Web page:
This point has been recognised by recent poststructuralist thinkers such as Jacques Derrida and Jean Francois-Lyotard in the context of their project to place in question central presuppositions of the Western philosophical tradition deriving from Plato.
Lyotard views the sophists as in possession of unique insight into the sense in which discourses about what is just cannot transcend the realm of opinion and pragmatic language games The prospects for establishing a clear methodological divide between philosophy and sophistry are poor. Apart from the considerations mentioned in section 1, it would be misleading to say that the sophists were unconcerned with truth or genuine theoretical investigation and Socrates is clearly guilty of fallacious reasoning in many of the Platonic dialogues.
This in large part explains why contemporary scholarship on the distinction between philosophy and sophistry has tended to focus on a difference in moral character. For Plato, at least, these two aspects of the sophistic education tell us something about the persona of the sophist as the embodiment of a distinctive attitude towards knowledge.
The fact that the sophists taught for profit may not seem objectionable to modern readers; most present-day university professors would be reluctant to teach pro bono. It is clearly a major issue for Plato, however. Plato can barely mention the sophists without contemptuous reference to the mercenary aspect of their trade: It is significant that students in the Academy, arguably the first higher education institution, were not required to pay fees.
This is only part of the story, however. A good starting point is to consider the etymology of the term philosophia as suggested by the Phaedrus and Symposium.
What is the main similarity between Socrates and sophists? - Quora
Similarly, in the Symposium, Socrates refers to an exception to his ignorance. The philosopher is someone who strives after wisdom — a friend or lover of wisdom — not someone who possesses wisdom as a finished product, as the sophists claimed to do and as their name suggests.
The sophists, according to Plato, considered knowledge to be a ready-made product that could be sold without discrimination to all comers. The Theages, a Socratic dialogue whose authorship some scholars have disputed, but which expresses sentiments consistent with other Platonic dialogues, makes this point with particular clarity.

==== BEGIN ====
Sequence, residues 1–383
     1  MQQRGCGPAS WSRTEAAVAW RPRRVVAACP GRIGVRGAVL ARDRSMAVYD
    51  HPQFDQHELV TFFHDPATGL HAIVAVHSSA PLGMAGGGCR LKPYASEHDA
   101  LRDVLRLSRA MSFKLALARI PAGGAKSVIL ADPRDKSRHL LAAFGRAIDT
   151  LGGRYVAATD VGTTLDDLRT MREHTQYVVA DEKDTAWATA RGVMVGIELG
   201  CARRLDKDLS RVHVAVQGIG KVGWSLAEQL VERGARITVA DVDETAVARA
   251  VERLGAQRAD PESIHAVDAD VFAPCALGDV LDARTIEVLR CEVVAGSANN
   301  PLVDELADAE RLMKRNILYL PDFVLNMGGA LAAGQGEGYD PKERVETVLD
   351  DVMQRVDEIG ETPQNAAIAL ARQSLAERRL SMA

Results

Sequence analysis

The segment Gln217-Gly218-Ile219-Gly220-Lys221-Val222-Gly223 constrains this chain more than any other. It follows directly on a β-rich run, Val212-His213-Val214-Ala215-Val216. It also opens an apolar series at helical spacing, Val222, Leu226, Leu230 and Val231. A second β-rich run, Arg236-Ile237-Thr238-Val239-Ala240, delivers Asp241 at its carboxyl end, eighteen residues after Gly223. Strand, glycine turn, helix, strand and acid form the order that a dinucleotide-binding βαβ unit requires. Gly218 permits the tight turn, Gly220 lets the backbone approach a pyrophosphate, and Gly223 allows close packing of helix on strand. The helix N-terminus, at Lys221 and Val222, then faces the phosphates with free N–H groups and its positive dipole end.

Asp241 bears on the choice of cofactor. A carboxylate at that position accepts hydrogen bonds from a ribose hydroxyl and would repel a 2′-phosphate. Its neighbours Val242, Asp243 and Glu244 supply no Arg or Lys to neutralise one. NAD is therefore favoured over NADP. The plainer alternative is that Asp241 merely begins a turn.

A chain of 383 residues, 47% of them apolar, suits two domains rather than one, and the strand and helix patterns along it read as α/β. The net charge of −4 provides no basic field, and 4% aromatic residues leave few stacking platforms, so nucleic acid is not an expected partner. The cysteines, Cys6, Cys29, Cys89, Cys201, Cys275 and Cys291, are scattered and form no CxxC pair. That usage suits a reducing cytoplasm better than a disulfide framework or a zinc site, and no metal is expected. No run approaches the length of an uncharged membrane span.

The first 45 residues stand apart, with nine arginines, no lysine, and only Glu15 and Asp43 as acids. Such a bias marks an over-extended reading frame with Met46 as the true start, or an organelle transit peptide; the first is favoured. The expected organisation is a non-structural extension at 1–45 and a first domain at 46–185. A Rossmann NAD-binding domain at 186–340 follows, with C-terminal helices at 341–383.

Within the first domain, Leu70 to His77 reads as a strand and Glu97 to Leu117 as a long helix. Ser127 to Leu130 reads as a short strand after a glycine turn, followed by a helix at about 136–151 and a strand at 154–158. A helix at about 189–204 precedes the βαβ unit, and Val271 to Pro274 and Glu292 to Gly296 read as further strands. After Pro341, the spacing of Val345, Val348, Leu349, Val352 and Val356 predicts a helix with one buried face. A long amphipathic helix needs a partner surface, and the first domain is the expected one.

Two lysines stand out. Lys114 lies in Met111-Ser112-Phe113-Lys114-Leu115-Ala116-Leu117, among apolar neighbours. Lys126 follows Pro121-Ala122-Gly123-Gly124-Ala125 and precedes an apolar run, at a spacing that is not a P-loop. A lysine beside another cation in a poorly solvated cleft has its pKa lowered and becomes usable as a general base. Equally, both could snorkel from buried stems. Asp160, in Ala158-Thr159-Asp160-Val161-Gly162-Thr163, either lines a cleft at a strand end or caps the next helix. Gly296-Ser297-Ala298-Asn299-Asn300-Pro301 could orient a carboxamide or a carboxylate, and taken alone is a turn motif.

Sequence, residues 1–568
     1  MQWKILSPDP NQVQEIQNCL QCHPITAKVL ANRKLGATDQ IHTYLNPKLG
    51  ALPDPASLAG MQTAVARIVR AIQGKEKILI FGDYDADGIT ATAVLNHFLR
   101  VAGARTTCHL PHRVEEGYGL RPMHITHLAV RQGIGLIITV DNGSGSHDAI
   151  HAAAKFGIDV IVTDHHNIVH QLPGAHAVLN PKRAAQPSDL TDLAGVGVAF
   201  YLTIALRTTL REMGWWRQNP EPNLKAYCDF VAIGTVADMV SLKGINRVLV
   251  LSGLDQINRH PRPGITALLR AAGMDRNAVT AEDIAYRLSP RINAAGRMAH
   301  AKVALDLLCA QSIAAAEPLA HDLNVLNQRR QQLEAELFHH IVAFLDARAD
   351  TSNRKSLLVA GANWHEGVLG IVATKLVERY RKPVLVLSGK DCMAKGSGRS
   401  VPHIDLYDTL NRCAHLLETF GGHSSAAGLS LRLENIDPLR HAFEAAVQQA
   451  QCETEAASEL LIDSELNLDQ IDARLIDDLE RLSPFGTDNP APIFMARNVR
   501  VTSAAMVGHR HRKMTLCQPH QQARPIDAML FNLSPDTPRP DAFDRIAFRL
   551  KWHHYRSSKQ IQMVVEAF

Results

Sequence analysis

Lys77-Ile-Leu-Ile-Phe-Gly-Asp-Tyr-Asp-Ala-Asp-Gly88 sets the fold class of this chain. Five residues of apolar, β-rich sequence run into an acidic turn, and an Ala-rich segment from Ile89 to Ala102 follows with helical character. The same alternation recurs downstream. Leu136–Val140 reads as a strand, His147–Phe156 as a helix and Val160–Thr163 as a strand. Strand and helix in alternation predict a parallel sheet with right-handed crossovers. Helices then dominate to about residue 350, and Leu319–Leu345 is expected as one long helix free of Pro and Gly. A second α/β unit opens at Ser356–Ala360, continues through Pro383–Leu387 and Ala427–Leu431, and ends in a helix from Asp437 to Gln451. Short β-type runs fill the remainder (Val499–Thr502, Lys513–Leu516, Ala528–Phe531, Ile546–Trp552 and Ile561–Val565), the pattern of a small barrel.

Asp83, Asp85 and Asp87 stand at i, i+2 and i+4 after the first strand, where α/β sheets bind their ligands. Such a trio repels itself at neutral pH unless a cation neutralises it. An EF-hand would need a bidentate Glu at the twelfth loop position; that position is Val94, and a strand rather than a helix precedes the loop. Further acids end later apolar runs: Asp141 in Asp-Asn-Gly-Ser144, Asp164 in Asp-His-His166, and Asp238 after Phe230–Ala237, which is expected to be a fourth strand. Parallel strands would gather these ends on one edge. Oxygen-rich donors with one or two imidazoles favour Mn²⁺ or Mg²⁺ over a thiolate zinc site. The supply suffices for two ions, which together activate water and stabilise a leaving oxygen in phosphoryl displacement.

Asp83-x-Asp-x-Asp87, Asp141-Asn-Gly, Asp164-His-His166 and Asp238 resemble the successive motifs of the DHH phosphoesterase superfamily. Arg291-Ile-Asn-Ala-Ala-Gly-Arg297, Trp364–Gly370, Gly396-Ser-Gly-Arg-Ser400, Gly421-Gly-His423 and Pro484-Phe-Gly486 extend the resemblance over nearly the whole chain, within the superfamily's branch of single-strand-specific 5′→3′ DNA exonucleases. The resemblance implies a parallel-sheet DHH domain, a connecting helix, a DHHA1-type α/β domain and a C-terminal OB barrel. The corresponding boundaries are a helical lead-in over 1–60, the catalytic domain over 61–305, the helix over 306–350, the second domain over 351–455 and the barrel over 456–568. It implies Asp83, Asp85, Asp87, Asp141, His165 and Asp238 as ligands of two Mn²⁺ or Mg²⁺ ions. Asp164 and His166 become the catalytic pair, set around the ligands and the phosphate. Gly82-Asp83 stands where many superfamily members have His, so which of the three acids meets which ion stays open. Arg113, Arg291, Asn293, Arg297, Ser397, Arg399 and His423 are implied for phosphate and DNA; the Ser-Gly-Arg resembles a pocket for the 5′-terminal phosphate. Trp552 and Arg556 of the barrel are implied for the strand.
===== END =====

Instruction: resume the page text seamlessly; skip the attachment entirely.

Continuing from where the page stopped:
The farmer Demodokos has brought his son, Theages, who is desirous of wisdom, to Socrates. As Socrates questions his potential pupil regarding what sort of wisdom he seeks, it becomes evident that Theages seeks power in the city and influence over other men. Since Theages is looking for political wisdom, Socrates refers him to the statesmen and the sophists.
Disavowing his ability to compete with the expertise of Gorgias and Prodicus in this respect, Socrates nonetheless admits his knowledge of the erotic things, a subject about which he claims to know more than any man who has come before or indeed any of those to come Theages, b.
In response to the suggestion that he study with a sophist, Theages reveals his intention to become a pupil of Socrates. Perhaps reluctant to take on an unpromising pupil, Socrates insists that he must follow the commands of his daimonion, which will determine whether those associating with him are capable of making any progress Theages, c.
The dialogue ends with an agreement that all parties make trial of the daimonion to see whether it permits of the association. Whereas the sophists accept pupils indiscriminately, provided they have the money to pay, Socrates is oriented by his desire to cultivate the beautiful and the good in promising natures.
In short, the difference between Socrates and his sophistic contemporaries, as Xenophon suggests, is the difference between a lover and a prostitute.
By contrast, Protagoras and Gorgias are shown, in the dialogues that bear their names, as vulnerable to the conventional opinions of the paying fathers of their pupils, a weakness contributing to their refutation.
The sophists are thus characterised by Plato as subordinating the pursuit of truth to worldly success, in a way that perhaps calls to mind the activities of contemporary advertising executives or management consultants. In the Sophist, Plato says that dialectic — division and collection according to kinds — is the knowledge possessed by the free man or philosopher Sophist, c.